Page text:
I was taught to hate it, abhor it, detest it to the very depth of my need-to-put-it-on-paper soul. If I saw an adverb creep into my writing, I had been instructed to remove it immediately rub it out as if it were a prose snitch, informing everyone that a lazy bastard, a writer too inept to locate a powerful verb, was selling them crap composition. Faulkner forbid an adverb made it into my writing workshop, every budding sentence builder in the house would note the folly, giving the offender a pitying shun, something that suggested “fucking amateur”.
It’s been seven years since I was last in an MFA program, but still, every time I write a word ending with –ly, I gag a little—a little out of self-loathing, more so from a fear that some knowing soul will see it. It’s a hardship every aspiring wordsmith must endure: Finding out what you’re doing is all wrong. I would like to say it dissipates as the years progress, but I recently read an article citing ten words or phrases that should no longer appear in travel writing, at least three of which I knew were in recent pieces I’d sent out. What can you do but find-and-replace”, repent for your word choice, and vow never to see a “bustling thoroughfare” again.
Alas, despite whatever dreams I once had, I’m not a writing professor, still don’t have a well-received collection of short stories that were snapped up and anthologized, but what’s worse is that, as an EFL teacher, I push my students to—readily, regularly, proudly—make use of the dreaded adverb. Rather than teaching them to spit in the face of action descriptors, to learn, as my mentors had taught me, to seek the correct verb, I show my students the right place to put their adverb. I make them practice using –ly words to add life to their speech, how to know when to say tragically instead of tragic.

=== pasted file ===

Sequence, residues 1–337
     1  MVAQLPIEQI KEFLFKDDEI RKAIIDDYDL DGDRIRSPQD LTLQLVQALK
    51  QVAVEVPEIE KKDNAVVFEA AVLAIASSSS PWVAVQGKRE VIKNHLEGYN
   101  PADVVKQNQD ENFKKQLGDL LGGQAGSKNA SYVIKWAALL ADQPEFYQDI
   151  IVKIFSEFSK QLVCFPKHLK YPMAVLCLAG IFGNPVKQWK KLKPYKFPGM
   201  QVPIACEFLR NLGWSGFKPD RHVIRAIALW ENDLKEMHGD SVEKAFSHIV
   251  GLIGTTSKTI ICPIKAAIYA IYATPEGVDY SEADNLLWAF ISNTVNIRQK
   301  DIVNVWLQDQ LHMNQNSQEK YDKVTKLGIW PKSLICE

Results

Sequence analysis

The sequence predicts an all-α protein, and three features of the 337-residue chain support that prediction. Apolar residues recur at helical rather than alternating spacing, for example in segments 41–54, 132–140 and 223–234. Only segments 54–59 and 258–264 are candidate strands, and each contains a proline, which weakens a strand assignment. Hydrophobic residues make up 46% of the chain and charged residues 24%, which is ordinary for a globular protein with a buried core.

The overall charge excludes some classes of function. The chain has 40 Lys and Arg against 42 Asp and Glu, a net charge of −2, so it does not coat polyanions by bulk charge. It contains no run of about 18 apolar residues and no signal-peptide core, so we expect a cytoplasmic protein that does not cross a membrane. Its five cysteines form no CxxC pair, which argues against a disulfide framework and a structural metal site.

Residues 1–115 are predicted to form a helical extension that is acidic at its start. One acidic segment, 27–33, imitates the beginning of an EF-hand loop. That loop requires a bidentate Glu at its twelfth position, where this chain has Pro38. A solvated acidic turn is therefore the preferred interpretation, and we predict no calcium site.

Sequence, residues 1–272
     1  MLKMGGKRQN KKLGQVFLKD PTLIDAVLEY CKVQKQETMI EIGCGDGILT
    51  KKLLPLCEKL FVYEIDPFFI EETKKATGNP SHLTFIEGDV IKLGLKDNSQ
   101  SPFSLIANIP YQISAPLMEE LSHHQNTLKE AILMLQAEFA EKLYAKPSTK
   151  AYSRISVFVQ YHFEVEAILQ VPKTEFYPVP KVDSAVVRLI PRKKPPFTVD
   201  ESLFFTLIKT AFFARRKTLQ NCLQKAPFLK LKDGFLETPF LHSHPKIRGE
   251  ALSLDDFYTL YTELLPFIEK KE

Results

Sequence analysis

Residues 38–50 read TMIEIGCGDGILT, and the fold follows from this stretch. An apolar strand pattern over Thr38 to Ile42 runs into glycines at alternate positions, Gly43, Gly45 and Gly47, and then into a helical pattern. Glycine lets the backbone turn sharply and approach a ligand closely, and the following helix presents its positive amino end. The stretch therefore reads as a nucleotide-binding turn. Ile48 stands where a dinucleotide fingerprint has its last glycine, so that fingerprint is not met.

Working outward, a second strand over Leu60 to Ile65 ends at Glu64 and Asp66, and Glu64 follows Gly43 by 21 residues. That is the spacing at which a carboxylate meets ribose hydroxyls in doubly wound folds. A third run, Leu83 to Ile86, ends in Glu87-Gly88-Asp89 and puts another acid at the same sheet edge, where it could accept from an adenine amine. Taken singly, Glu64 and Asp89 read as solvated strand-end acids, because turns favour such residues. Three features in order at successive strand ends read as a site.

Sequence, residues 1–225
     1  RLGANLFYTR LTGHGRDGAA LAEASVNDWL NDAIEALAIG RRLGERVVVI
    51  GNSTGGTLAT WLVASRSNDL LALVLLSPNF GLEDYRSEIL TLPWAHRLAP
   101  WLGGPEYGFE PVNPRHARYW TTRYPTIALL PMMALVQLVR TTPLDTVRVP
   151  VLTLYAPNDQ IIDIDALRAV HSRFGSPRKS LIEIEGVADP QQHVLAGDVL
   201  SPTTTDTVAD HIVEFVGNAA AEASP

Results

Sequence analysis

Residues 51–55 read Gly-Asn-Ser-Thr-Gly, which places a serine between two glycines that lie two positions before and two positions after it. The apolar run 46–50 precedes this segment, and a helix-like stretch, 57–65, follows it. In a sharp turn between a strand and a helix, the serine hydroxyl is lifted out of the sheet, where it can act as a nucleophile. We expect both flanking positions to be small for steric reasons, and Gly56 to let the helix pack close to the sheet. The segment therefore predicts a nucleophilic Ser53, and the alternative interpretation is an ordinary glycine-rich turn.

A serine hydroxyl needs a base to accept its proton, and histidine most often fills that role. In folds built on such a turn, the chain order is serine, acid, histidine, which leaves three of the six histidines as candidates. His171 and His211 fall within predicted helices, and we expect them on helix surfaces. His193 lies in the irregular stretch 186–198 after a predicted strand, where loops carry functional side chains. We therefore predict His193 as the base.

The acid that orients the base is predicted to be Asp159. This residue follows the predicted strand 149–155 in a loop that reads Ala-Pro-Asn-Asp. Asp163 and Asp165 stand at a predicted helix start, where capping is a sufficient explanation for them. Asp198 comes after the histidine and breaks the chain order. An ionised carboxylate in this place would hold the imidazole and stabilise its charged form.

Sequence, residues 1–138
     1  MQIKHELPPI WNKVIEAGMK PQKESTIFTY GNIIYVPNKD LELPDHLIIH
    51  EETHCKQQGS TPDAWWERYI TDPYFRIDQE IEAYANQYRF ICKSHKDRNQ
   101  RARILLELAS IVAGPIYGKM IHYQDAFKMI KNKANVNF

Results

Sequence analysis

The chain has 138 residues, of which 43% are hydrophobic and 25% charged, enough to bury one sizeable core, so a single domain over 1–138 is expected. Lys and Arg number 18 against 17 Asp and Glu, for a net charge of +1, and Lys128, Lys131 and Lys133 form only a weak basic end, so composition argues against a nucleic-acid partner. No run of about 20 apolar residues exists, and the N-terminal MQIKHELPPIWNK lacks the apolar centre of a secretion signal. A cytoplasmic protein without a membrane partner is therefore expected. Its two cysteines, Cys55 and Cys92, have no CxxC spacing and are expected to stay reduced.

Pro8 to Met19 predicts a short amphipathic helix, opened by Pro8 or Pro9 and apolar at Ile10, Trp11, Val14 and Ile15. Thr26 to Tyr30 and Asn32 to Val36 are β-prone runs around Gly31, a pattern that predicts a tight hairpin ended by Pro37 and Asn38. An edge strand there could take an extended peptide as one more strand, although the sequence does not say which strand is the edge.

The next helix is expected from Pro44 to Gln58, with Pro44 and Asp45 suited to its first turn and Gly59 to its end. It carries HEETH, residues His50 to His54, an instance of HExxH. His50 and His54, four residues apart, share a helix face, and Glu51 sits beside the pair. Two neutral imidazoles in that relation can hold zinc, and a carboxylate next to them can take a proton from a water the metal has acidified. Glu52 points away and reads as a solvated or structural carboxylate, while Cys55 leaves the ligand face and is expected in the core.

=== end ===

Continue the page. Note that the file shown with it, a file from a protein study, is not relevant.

Ironically, it’s laboriously dragged me lumbering into a new phase with my own writing, and I’m not sure how I feel or, even, how to feel about it. I’ve been forced to spend time with adverbs, to really consider them as words, just like any other word: with purpose, semantics, and Latin-Saxon roots like those others we cherish so lovingly. My life, my craft, my somewhat fictional profession has somehow managed to become an afterschool special: If I just give Suzie Q. Interestingly a chance, I might see she’s no better or worse than my other friends, made of letters, in need of good, healthy relationships.
Then, god, like everything else, once I gave old Suzie Adverb some respect, regardless of what my professors or workshop compatriots had to say about it, I began to, at the very least, appreciate that she had her own verbose identity. She increasingly began to crop up in my paragraph parties, not bothering anyone, still not exactly blending in. She’s become that kooky acquaintance who my friends (adjectives) and family (nouns) are smugly waiting to see prove them right: Adverbs are bad. For me, however, I must admit that sometimes I prefer running quickly to darting, dashing, or scurrying because, often, those other verbs just seem pretentious, working too hard to get attention from the in-crowd.